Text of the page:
I read a lot on the internet and get a lot of my ideas on the internet. I think you can find great info online, but it is hard to know what is true and what isn’t. I mean – HELLO – for the longest time the United States thought, and was told, that we would be healthy if we ate low-fat foods. So we loaded our plates with highly processed, high-carb, high-sugar items and paid the price with expanded waistlines, diabetes, heart disease and more. This was information from our government no less so it’s hard to know what is true. In hind sight it is easy to see that was wrong. That is why I try to go by eating REAL FOOD is best. Less processed food, no added ingredients, healthy fats (fat is OK!), etc. Moderation is key. I obviously still love to bake but don’t eat the whole pan. I still sample though!
I’m a huge fan of vegetables and it has been a lifelong learning curve. I am astounded by the serving size of vegetables when I go out to eat. IF it is even an option on the menu other than in fried form. Even at what I deem “nicer” restaurants you might get like 3 sticks of asparagus. Thanks. I eat at least 1/2 a pound per serving at home.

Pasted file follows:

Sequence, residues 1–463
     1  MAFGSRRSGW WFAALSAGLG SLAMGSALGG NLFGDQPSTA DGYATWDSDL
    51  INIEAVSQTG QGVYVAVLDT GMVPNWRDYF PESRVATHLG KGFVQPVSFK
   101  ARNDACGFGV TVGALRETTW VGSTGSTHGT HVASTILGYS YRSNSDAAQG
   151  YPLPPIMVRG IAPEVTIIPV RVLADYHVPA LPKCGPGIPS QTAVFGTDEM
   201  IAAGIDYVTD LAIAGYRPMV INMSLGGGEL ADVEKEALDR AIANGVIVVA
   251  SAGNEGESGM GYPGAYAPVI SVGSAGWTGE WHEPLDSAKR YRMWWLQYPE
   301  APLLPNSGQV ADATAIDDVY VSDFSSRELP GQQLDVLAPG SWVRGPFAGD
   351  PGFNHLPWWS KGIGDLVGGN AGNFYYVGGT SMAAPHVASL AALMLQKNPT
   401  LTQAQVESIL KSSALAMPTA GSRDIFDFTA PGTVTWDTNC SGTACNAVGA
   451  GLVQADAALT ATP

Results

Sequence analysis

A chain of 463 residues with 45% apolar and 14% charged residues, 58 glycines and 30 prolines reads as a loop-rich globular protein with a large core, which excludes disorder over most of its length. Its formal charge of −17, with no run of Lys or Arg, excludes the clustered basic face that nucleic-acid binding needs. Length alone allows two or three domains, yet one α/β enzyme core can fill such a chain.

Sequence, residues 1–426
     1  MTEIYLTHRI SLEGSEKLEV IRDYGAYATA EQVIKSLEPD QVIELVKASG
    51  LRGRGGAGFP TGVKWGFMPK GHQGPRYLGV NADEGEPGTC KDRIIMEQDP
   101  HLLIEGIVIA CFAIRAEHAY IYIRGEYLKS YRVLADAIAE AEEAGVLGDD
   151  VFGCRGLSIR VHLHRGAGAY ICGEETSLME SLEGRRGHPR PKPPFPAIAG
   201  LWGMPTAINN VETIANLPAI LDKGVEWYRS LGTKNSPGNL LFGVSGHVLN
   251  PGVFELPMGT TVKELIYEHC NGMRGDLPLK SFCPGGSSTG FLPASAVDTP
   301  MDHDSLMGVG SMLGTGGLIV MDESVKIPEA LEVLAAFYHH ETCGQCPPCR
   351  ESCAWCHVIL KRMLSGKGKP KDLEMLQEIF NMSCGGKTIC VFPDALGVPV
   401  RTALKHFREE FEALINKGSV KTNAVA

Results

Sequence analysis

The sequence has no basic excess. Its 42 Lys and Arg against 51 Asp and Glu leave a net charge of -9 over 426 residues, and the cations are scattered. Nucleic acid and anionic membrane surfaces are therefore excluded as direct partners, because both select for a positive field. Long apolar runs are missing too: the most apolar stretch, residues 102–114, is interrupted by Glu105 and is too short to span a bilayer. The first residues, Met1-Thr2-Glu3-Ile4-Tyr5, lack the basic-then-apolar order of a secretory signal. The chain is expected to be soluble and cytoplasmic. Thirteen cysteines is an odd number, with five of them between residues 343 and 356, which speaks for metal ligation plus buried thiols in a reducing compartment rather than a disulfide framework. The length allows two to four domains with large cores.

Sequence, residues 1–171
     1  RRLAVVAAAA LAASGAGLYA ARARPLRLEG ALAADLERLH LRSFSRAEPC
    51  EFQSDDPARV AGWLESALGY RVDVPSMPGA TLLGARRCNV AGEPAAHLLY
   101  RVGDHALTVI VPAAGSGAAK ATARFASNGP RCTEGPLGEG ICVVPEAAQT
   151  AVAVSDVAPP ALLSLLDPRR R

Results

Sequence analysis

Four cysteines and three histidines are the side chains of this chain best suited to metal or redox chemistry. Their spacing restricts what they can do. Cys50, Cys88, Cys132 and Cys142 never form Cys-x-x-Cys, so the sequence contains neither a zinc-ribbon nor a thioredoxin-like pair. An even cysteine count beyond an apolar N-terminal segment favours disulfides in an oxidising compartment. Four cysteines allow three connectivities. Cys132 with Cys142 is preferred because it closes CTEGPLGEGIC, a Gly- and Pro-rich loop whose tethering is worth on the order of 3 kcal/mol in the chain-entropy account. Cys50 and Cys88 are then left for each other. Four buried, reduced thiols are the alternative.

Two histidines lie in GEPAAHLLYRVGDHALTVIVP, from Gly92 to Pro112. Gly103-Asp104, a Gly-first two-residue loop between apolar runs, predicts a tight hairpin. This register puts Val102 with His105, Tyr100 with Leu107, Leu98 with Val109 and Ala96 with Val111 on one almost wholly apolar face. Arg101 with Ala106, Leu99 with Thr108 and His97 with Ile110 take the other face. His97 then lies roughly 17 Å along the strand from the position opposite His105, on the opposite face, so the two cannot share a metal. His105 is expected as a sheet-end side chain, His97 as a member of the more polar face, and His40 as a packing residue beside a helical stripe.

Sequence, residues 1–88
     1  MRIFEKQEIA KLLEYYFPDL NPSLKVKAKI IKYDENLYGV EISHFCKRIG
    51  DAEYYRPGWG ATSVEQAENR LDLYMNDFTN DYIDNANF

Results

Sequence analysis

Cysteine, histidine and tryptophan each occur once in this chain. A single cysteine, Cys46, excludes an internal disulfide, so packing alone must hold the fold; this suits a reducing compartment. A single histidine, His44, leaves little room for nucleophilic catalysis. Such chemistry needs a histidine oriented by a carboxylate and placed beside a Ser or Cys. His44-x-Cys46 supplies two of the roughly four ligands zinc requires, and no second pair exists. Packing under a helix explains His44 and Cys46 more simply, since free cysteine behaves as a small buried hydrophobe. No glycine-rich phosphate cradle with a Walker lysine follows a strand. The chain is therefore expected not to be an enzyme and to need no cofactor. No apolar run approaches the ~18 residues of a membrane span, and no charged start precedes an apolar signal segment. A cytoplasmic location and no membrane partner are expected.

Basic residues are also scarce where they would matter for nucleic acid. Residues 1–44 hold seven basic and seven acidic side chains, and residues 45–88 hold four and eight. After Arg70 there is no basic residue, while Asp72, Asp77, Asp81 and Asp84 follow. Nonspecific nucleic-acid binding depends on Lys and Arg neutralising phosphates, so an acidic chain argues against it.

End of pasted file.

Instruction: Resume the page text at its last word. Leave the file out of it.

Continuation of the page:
Tips for incorporating more vegetables into your diet:
- Look for sales. I search the Krause’s ad each week to see what produce is on sale and incorporate those items into my meals. Eating healthy is expensive. It’s true. You can go to the store and get soda, chips and pizza for far less than what you would for some lean protein, vegetables and fruit. It is sad. Not only that, fruits and veggies aren’t marketed to adults or kids so we are constantly bombarded with ads for cheaper and faker food. I encourage you to take money you might spend eating out on the town (at least $50+) and use that to buy a weeks worth of healthy food. Start there. You will be surprised at how far it goes!
- Portions. Fill your plate with mostly good food. If you want to eat pasta salad (not always the best option), that is OK, but load up the rest with veggies. You get the best of both worlds.